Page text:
On a boat, generally speaking, anything that you can do to save weight is a good thing. Many high-end powerboats have granite counters, big generators, and plenty of other stuff that has to be lugged about, all increasing the work that engines have to do and thus leading to decreased fuel economy. Obviously, things such as shelves ideally should be stiff, lightweight, and strong. One way of doing this is to use cored material which can be both light and strong, but things like foam cored plywood are very expensive. Looking for a cheaper alternative, I now make shelves and other components as shown in the sketch above. Essentially a torsion box, panels are cheap and quick to make and far, far cheaper than having to buy cored ply at over $400 per sheet.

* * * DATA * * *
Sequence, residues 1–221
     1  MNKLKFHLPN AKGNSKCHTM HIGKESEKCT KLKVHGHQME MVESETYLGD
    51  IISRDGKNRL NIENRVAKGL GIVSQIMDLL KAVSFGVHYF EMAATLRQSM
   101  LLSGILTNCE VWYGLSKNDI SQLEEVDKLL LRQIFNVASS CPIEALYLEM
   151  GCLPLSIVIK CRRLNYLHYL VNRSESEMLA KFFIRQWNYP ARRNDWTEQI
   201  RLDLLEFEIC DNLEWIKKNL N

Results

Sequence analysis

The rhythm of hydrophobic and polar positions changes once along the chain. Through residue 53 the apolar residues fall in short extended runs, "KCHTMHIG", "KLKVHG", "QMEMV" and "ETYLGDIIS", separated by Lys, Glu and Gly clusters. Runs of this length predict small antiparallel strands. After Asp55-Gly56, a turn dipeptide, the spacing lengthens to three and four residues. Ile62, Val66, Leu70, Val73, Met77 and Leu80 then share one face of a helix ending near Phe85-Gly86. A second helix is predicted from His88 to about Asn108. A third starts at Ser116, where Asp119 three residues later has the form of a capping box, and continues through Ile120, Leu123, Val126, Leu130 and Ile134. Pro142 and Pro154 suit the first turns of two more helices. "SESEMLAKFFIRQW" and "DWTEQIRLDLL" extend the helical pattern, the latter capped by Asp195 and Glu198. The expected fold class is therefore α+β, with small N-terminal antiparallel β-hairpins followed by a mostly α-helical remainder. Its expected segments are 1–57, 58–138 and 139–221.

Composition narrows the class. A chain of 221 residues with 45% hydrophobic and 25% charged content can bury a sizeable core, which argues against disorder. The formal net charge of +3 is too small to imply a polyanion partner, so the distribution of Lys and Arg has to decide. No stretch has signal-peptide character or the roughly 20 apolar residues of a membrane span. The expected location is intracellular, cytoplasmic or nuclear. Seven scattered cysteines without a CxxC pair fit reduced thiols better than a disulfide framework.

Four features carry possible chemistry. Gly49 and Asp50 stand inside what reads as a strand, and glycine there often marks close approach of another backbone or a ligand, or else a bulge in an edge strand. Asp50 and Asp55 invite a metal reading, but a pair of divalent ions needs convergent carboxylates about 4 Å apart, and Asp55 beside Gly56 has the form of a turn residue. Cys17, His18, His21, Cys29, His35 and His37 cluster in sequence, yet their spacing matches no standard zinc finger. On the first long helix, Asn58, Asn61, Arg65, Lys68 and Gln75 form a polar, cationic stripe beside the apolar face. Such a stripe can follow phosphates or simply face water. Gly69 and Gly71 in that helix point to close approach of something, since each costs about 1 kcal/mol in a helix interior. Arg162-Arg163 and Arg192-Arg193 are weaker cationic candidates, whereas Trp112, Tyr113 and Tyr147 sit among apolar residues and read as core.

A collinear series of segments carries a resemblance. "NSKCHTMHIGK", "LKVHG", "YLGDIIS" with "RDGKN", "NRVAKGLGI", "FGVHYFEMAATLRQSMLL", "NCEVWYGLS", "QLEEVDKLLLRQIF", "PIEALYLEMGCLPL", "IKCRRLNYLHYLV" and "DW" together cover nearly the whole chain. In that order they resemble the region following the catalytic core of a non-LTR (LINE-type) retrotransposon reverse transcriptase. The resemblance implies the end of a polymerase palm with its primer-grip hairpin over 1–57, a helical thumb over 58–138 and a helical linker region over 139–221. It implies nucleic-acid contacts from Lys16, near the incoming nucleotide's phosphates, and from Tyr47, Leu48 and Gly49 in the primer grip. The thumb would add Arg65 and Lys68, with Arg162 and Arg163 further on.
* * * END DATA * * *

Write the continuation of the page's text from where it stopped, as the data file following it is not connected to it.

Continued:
The sketch shows how I built some shelves for the boat which were almost one and a half inches thick with a teak lipping on the front. The strength comes from the method of construction rather than from the material itself, so I use western red cedar for the solid wood strips. The strips themselves are a half inch thick by whatever the width needs to be, which in my case, was just over an inch. Spaced three inches apart, with the ribs glued in place with epoxy, the panels are super strong and won't flex under the weight of pilot books and other equipment. There is a little bit of work in it to make the panels, but I can swallow that given that I saved myself hundreds of dollars and a ton of weight into the bargain.